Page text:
When Andrew Luck entered the NFL in 2012, he was the most heralded quarterback to enter the league since the quarterback he would go on to succeed in Indianapolis. His rookie season saw him set the NFL record for rookie passing yards amongst others. As Luck would progress through his 2nd and 3rd seasons, his statistics would only improve. He would raise his quarterback rating and completion percentage each season. But now, after advancing his team to the AFC Championship game a season ago, the expectations for Luck are going even higher this season. So why should we expect an MVP season from Luck? Here’s a few reasons:
In the NFL, quarterbacks progress at a yearly rate and start to hit their stride around their 4th and 5th seasons. In Luck’s rookie campaign, he lead an unprecedented seven game-winning drives. In his 2nd season, he lead the Colts to their first post-season win since his arrival while beating 4 playoff teams during the regular season. Last season, the Colts made the playoff once again under Luck’s helm, winning 2 playoff games in the process. Andrew Luck will be entering his 4th year and given the consistency of his progress since his arrival in the NFL, one should expect nothing but improvement this year in all aspects of his game. But the experience he’s gaining isn’t just statistically related. Each season Luck has progressed his team a step further in the post-season as well. Playoff experience isn’t something that will show up in statistics or measures but it cannot be discounted. These experiences help a quarterback in battling adversity in tough situations. Given Luck’s experience to this point in them, it should only benefit him moving forward.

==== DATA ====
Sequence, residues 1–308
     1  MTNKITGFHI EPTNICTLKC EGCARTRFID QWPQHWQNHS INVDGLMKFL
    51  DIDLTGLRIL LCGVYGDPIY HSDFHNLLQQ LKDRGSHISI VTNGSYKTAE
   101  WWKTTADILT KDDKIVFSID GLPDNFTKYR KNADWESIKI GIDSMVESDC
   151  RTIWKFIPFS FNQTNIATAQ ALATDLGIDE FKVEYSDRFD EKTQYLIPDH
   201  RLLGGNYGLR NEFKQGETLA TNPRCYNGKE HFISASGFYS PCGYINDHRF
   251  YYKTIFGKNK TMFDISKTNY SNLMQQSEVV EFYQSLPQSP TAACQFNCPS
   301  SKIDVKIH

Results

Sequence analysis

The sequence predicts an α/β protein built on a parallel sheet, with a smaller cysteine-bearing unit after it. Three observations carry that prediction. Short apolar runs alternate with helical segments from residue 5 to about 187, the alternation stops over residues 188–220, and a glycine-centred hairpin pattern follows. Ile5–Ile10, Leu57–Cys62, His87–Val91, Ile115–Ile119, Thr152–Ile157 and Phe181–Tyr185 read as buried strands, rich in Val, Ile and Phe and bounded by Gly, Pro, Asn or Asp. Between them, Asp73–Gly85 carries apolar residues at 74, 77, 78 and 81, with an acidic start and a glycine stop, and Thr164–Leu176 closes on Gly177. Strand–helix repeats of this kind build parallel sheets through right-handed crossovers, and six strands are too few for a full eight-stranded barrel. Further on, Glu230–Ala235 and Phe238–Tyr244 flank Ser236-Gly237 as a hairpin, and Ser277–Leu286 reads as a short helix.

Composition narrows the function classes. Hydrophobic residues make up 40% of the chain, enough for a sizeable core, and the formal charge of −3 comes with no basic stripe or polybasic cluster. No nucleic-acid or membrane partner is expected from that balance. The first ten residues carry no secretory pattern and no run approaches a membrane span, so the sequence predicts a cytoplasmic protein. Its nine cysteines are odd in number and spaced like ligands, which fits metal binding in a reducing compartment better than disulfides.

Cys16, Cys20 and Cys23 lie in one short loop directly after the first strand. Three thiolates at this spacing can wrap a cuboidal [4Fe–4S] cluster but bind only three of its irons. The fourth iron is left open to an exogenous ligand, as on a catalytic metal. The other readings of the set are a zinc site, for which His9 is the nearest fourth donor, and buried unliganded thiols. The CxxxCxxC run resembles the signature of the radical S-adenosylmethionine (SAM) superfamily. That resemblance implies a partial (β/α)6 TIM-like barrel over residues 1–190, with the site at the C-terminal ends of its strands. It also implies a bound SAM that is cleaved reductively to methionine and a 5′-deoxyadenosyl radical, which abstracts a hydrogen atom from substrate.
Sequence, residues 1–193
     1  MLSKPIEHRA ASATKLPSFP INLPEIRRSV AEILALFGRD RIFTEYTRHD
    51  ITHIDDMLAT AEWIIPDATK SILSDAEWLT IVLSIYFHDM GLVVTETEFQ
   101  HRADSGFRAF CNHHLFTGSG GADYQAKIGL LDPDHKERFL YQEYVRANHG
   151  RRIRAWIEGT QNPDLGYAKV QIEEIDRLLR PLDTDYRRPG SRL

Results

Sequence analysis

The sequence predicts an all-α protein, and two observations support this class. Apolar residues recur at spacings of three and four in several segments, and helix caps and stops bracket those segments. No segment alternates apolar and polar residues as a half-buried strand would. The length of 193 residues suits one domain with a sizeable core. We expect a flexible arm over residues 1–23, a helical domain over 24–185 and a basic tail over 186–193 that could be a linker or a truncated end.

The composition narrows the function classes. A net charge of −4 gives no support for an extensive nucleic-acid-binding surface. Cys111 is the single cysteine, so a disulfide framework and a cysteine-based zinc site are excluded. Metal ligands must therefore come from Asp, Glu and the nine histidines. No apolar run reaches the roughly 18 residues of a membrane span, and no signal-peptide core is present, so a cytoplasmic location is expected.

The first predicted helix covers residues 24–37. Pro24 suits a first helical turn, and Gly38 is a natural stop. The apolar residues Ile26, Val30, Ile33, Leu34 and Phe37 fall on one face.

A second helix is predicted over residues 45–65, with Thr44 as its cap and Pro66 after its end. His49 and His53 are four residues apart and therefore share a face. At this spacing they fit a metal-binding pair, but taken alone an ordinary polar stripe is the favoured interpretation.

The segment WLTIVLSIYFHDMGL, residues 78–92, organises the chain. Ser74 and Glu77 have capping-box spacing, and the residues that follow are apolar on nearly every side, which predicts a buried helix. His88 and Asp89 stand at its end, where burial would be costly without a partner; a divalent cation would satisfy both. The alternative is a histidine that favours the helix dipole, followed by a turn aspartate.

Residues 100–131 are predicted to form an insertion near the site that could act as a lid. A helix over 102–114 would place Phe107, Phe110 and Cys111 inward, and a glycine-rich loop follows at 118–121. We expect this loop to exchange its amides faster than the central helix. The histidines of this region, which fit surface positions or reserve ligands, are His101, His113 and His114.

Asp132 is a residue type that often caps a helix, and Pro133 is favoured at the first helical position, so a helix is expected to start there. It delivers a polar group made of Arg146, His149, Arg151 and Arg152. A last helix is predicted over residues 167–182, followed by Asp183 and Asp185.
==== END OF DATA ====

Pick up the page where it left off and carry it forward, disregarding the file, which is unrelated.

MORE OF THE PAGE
This past offseason, the Colts acquired longtime Texans wide receiver Andre Johnson. Since his arrival in Indianapolis, the 13 year wideout has had nothing but praise for Andrew Luck, going as far to call him the best quarterback in the game. While Johnson isn’t quite the same receiver he was earlier in his career, he gives the Colts a steady option at the outside receiver position that has been lacking since the beginning of Luck’s career. The Colts also drafted speedy wide receiver Phillip Dorsett, who has been turning heads at OTA’s, to add to a crowded crop of receivers. Add these new pieces along with an intriguing prospect in Duron Carter and upstart second year wideout Donte Moncrief and you have one of the deepest wide receiver cores in the entire NFL for Andrew Luck to throw to. Of course, this is all without mentioning T.Y. Hilton, who has quickly become of the league’s premier receivers. But it isn’t just the receiver position that has gotten a boost.
An Improved Running Game
Among the Colts offseason acquisitions, Frank Gore appears to be one the least talked about. A workhorse in San Francisco, Gore faced 8 man fronts a whopping 76.2% of the time last season, with the next closest player being DeMarco Murray at 58.3% of the time. Despite facing these fronts, Gore continued to produce without missing any games in the past four seasons. In Indianapolis, one should realistically expect for Gore to see less 8 man box fronts, giving the bruising running back more room to work and take pressure off of Andrew Luck. Given Gore’s age as well, it will greatly benefit him to see less stacked boxes over the long haul of a grueling NFL season. One of the major flaws with the Colts offense last year was an inconsistent rushing attack (see Trent Richardson). Towards the end of the season however, the Colts running game started to improve in part because of Boom Herron getting majority of the snaps. While Herron is serviceable, his skillset doesn’t match that of Gore’s. Gore’s underrated ability to protect the quarterback in passing situations should benefit Andrew Luck greatly.
If all these are able to mix all together correctly, the finished result could be one special season for Andrew Luck and the Colts.